2014-04-30

After various experiments in rigging up more ergonomic mice, Iโ€™ve accepted that the primary contributor to my wrist pain is the traditional keyboard which traps the wrists at a strained position.

I finally had the clarity of mind to step back and reassess things from a blank slate. Literally, I stepped back, held out my hands in the air at what felt like the most relaxed position, and declared that this is where the keyboard must be; that no longer will I contort myself to meet the keyboardโ€”the keyboard must come to me.

The resulting setup is a bit of an oddity, which admittedly I enjoy as much for that quality as for its successful therapeutic effect:

ErgoDox with aluminum top plates and black keys in a vertical configuration

The keyboard is split into two halves, each mounted vertically on opposing sides of a makeshift stand. The stand is a chamfered cube constructed from PolyConstructo hexagons, an educational toy intended for classroom use that I had on hand from a past Settlers of Catan project. Atop the structure is a conveniently flat surface that serves well as phone rest:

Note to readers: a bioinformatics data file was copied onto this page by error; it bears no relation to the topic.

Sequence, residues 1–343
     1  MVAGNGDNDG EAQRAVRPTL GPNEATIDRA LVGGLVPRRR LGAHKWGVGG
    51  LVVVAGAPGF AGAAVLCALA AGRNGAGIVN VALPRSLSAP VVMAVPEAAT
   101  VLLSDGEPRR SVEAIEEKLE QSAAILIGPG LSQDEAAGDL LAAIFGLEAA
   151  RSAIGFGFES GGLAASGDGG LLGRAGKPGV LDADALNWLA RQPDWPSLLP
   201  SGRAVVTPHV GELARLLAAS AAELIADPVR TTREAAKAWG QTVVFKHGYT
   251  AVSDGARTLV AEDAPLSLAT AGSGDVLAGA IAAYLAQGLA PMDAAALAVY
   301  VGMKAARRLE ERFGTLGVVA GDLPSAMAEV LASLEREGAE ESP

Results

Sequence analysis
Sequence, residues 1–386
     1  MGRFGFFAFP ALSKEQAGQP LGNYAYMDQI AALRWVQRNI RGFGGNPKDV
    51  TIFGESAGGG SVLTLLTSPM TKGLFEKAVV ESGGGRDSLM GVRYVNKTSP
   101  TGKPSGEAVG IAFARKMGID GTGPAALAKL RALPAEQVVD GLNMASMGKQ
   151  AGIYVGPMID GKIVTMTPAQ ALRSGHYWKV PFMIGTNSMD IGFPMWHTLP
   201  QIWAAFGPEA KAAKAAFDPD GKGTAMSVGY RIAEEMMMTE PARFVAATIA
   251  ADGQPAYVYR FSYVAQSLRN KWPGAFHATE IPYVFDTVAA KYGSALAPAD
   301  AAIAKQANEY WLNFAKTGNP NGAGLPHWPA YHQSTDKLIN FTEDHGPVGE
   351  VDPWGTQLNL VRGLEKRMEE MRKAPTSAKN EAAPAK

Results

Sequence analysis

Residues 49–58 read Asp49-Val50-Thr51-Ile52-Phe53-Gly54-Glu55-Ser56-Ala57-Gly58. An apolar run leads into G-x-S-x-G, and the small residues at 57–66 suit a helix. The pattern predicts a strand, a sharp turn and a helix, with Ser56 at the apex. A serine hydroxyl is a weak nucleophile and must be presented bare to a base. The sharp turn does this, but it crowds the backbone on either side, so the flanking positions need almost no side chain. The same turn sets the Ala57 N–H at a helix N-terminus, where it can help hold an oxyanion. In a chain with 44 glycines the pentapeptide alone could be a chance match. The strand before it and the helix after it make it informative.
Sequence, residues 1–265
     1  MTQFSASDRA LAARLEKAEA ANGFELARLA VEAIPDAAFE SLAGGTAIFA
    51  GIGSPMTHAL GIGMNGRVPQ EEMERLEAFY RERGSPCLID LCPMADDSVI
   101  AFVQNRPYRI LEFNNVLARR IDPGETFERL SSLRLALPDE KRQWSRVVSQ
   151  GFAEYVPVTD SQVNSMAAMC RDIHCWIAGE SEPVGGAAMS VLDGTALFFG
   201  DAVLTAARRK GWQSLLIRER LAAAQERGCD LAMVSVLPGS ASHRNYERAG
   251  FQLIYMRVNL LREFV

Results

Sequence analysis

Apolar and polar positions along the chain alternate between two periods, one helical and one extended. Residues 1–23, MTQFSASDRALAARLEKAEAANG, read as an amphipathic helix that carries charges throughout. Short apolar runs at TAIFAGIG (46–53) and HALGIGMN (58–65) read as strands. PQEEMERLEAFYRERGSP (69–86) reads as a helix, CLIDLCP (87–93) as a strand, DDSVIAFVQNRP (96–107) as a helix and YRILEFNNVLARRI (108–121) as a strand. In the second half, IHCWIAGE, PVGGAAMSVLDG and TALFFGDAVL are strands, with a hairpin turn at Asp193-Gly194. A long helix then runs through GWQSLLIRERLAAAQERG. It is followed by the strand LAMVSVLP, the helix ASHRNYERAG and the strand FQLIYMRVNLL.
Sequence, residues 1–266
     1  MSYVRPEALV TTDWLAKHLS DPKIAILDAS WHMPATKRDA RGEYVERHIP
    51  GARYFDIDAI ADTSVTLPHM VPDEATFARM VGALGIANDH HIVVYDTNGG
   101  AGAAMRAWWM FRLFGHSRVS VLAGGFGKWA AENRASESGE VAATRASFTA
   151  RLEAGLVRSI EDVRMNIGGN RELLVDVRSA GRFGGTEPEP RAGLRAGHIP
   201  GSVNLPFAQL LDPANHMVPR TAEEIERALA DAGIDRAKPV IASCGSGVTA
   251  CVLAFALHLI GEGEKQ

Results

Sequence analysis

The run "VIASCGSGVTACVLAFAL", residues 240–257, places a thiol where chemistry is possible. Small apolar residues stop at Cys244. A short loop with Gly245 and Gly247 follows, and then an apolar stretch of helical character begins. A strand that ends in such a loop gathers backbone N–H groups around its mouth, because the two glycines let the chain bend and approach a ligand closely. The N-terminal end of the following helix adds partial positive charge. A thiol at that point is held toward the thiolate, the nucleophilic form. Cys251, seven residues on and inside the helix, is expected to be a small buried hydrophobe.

Hexagon stand for ErgoDox

Adhesive foam pads harvested from an environmentally harmful paint-by-number kit damp the rattle of the phoneโ€™s haptic feedback:

Rainbow adhesive foam squares
Hexagon stand for ErgoDox

The keyboard is an ErgoDox that I assembled from a kit with some guidance from helpful community members at the Vancouver Hackspace.

I chose to use unlabeled keys because the keyboard is fully programmable. To start, Iโ€™ve designed a layout that has familiar Colemak letter keys,

โ€œSoftware Colemakโ€ layer

and specialized โ€œshiftโ€ keys that bring symbols, numbers, and arrow keys into easy reach:

โ€œSymbolโ€ layer
โ€œNumberโ€ layer
โ€œNavigationโ€ layer

My typing has been slower as I get used to the new layout, but as pointed out by a fellow ErgoDoxer at the hackspace, typing speed typically isn't the limiting factor when coding; most time is spent just thinking anyway.